HOUNSLOW'S education chief described the decision to scrap the government's schools investment programme as 'disastrous'.
Pupils from four secondary schools and one special school will no longer benefit from renovation work after Education Secretary Michael Gove binned the Building Schools for the Future programme (BSF).
Councillor Sachin Gupta, Hounslow's executive member for education, said: "The scheme is not just about bricks and mortar, it's more about educational transformation and ensuring that young people are given the best possible chance.
"The decision is disastrous news for Hounslow's pupils, parents and teachers, who had been expecting much-needed investment in modernising schools.
"In the short term, we will have to start planning with schools to develop stop-gap solutions to deal with the immediate building problems."
To date Hounslow Council has already spent more than £2m on preparatory work in addition to planning the revitalisation of four secondary schools and one special school on the expectation of £85 million from BSF.
Last week, the Chronicle reported how concerned parents of Chiswick Community School had started an online petition to urge the government to commit to rebuilding schemes despite spending cuts.
About 180 schools in England have already been rebuilt or revamped since the scheme was introduced by Labour in 2004. Now, a further 715 schools across the country will miss out.
Mr Gove said he still hopes to invest in schools in the worst condition, cut red tape and tackle urgent demand for places because of rising birth rates.
Hounslow Council will learn of the school capital programme later this summer.
'A BLOW TO EVERYBODY': WHAT THE HEADS SAY
* Alan Howson, headteacher at Chiswick Community School, said: "(Pupils) have been excited and motivated by the prospect of modern facilities and resources fit for 21st century learning. Instead what they see is a system that allows the failed banking structure to award bonuses to bankers in one year that would pay for the whole 20-year BSF programme, and vast wealth being accumulated by the minority at the expense of basic formal education for the average family.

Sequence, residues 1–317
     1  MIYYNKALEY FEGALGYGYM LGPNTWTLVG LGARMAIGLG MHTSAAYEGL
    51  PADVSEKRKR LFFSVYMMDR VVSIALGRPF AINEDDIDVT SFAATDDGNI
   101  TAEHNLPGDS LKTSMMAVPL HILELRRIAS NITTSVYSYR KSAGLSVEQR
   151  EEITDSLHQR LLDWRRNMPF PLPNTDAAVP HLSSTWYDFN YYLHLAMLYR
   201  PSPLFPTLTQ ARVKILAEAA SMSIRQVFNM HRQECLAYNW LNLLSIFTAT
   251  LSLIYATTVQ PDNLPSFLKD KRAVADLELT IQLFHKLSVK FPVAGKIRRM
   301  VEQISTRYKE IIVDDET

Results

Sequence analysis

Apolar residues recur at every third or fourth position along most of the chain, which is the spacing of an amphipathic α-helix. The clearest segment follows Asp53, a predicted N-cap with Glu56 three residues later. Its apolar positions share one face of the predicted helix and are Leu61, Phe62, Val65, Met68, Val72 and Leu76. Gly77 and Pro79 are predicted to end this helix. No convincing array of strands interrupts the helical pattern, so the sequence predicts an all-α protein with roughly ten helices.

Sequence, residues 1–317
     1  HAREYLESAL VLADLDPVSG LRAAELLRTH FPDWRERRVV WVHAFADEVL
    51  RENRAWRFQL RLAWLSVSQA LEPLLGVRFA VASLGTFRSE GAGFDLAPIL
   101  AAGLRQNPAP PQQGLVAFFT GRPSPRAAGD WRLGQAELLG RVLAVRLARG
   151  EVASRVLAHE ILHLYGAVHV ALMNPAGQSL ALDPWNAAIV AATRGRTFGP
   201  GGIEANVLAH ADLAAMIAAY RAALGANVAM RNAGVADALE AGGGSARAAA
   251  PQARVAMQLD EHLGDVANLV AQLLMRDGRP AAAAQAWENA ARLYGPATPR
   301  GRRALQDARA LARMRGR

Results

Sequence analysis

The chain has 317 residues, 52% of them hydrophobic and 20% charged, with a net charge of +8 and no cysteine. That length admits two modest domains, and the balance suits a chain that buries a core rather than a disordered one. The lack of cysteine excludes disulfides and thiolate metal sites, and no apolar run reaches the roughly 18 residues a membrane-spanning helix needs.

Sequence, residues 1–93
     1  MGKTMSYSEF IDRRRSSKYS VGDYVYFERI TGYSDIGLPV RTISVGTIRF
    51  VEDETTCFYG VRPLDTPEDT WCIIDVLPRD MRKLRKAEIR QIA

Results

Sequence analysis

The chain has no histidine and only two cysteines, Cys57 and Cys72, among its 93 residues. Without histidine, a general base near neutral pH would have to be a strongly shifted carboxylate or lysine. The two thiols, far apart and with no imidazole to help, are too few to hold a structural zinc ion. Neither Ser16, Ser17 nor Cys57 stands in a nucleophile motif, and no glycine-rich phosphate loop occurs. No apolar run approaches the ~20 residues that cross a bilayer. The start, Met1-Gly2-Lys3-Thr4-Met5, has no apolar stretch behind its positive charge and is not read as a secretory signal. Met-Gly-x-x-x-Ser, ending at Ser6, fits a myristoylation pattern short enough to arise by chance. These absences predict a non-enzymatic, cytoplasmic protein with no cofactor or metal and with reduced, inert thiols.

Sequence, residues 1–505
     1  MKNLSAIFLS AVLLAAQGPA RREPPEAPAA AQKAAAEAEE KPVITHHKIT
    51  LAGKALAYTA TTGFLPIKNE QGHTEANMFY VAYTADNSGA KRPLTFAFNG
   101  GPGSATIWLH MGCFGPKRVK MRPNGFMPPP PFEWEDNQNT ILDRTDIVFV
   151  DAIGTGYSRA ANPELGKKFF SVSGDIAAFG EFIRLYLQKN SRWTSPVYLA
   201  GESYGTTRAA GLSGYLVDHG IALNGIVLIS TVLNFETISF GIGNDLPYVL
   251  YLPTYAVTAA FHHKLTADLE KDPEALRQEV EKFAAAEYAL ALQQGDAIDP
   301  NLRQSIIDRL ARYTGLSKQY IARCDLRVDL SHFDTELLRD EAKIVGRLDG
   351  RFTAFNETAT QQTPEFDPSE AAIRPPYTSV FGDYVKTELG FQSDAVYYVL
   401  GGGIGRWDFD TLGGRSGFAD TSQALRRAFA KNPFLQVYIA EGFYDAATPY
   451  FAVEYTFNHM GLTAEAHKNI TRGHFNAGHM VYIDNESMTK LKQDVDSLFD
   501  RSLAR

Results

"If we do not adequately invest in the future lives of our children and end up penalising them for a problem created by their affluent elders, then we will not be able to complain in the future when we have a society that is unable to compete with other, emerging countries in the world.
"I hope the new government will consider different ways to inject money into schools and allow them to serve the needs of students and support the huge commitment of teachers which is so critical for the success of every student, school and community."
* Headteacher at Feltham Community College, Victoria Eadie, said: "Obviously we are very disappointed. The governors, staff and children have put a lot of work into this project.
"We were going to have a complete refurbishment of the school, we were looking to transform learning for the next 50 to 100 years. We were very excited, we have been planning this for two years now, the architects had plans drawn up and we were having regular, long meetings about it."
Governor David Snaddon said: "This is a blow to everybody. We are going to have to sit down to work out where we go from here. It is certainly a very uncertain time for education at the moment."